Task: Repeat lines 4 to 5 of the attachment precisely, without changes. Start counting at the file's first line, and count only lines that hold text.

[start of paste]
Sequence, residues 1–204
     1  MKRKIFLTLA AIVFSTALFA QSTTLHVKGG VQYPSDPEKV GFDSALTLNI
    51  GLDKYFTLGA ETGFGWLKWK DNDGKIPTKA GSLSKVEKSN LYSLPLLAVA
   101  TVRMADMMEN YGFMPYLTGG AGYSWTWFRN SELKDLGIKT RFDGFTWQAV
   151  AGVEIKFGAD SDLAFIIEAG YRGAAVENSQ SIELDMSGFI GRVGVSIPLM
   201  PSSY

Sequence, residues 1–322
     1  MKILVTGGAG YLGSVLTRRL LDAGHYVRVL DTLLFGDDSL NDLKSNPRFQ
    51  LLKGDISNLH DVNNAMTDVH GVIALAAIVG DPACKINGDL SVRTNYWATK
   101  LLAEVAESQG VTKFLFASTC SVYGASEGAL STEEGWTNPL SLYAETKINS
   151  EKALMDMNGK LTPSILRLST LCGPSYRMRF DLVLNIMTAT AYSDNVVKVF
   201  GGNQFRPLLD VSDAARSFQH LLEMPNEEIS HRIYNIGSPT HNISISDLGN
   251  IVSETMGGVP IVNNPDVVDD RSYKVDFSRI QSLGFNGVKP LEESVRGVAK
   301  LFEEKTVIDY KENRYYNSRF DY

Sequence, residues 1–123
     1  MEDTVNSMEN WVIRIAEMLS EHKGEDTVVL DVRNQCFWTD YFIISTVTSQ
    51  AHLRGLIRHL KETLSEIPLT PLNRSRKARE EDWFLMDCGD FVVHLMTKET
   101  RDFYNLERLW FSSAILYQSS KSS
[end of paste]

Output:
   101  TVRMADMMEN YGFMPYLTGG AGYSWTWFRN SELKDLGIKT RFDGFTWQAV
   151  AGVEIKFGAD SDLAFIIEAG YRGAAVENSQ SIELDMSGFI GRVGVSIPLM